So, as a first step, a brief outline of the commonalities between light and sound seems to be indicated. Both light and sound are natural and artificial phenomena – our environments are full of natural as well as artificial, i.e. manmade, sounds and lights;
- physical entities and can, therefore, be objectively measured and subjectively perceived by human sensory organs;
- processed and interpreted by the brain and, therefore, subject to highly subjective valuations;
- ephemeral phenomena that often change within extremely short periods of time;
- potential pollutants that, under certain circumstances, may impact on theenvironment, in general, and human health and wellbeing, in particular.
But there are also important differences:
- Artificial light – and this is the only type of light I am talking about – is an aim in itself, i.e. something that may be perceived, at the same time, as desirable by some and as a pollutant by others.
- Artificial sounds or noises are a negative by-product of an otherwise intended activity; thus, traffic noise is the by-product but not the aim of transportation.
Like any other pollutant, noise and light can have detrimental effects on flora and fauna as well as human health and wellbeing. Noise pollution is the second most important environmental stressor after air pollution, affecting our health, wellbeing and quality of life (WHO 2011). Artificial light at night disrupts the chronobiological rhythmicity that is based on the day and night cycle. Potential impacts are sleep disruption, weakening of the immune system and other human health hazards – besides negative impacts on ecosystem services, food webs, pollination, sky visibility etc. (Meier 2016).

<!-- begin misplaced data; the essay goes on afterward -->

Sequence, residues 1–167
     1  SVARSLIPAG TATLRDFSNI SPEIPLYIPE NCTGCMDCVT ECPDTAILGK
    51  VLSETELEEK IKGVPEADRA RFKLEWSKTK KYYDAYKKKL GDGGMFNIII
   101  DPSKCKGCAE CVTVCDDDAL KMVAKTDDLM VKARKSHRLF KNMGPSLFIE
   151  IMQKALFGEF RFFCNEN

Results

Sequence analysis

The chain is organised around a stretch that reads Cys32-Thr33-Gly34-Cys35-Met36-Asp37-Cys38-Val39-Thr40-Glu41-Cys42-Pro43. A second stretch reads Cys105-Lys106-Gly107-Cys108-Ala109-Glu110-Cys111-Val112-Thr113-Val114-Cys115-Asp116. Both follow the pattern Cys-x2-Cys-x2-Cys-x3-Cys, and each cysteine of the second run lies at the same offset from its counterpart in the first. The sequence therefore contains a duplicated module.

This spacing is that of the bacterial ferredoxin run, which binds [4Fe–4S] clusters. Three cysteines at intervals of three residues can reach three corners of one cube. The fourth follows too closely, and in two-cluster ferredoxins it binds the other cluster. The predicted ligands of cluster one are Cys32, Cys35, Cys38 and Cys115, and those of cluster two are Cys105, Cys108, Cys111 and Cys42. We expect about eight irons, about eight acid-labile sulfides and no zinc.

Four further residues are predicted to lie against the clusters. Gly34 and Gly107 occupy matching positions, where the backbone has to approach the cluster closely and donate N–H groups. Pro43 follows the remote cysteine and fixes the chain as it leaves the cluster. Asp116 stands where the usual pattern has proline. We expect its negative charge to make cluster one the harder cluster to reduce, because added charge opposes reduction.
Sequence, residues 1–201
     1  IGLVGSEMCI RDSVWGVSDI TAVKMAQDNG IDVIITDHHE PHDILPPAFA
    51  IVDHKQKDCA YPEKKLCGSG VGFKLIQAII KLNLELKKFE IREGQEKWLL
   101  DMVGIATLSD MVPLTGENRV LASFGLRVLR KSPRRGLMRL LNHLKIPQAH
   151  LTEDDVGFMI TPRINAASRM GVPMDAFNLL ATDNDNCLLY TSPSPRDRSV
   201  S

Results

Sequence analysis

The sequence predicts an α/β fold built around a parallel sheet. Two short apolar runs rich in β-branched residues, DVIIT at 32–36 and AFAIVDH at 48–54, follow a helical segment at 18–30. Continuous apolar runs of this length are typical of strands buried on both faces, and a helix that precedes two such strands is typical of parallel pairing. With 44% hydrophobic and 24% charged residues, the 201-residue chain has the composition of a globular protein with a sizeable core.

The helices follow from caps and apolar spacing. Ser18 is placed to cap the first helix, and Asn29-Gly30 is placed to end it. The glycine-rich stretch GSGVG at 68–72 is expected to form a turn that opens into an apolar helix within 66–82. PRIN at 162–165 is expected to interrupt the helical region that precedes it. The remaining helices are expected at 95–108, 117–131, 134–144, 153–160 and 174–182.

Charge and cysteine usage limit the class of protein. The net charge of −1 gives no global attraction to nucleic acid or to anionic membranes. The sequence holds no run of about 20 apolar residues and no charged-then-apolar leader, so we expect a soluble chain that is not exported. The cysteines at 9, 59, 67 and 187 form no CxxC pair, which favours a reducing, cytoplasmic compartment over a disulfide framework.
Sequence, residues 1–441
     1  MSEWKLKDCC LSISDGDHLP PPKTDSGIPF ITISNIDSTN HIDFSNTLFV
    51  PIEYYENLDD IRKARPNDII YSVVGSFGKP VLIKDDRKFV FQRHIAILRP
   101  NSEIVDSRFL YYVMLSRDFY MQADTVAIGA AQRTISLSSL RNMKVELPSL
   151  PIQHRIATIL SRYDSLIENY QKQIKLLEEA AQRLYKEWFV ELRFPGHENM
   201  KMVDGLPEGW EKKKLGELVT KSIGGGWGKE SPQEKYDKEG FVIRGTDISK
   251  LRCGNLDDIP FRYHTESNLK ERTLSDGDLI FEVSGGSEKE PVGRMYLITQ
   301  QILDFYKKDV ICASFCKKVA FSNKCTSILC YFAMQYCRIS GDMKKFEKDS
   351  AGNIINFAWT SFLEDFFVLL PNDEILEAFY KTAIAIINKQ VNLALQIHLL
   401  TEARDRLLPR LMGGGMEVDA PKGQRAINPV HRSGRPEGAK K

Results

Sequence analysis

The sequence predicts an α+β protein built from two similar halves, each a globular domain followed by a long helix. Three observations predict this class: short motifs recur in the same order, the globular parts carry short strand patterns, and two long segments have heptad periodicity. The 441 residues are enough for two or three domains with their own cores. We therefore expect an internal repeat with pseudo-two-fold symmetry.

While there are several approaches for dealing with both light and noise pollution, approaches to noise pollution are already much more sophisticated. Most of these approaches – especially for noise pollution – rely on quantitative criteria. Thus, they fall short of coping with the ambiguities of the perceptive valuation of lights and sounds. Moreover, both pollutants are addressed separately, which means that their possible interplay is not taken into account, let alone included in an integrated urban planning. This interplay, however, is crucial for the valuation of locations in terms of amenity, security, aesthetics etc. – and, as a consequence, wellbeing. Therefore, sensible and sustainable urban planning needs to take these dimensions into account.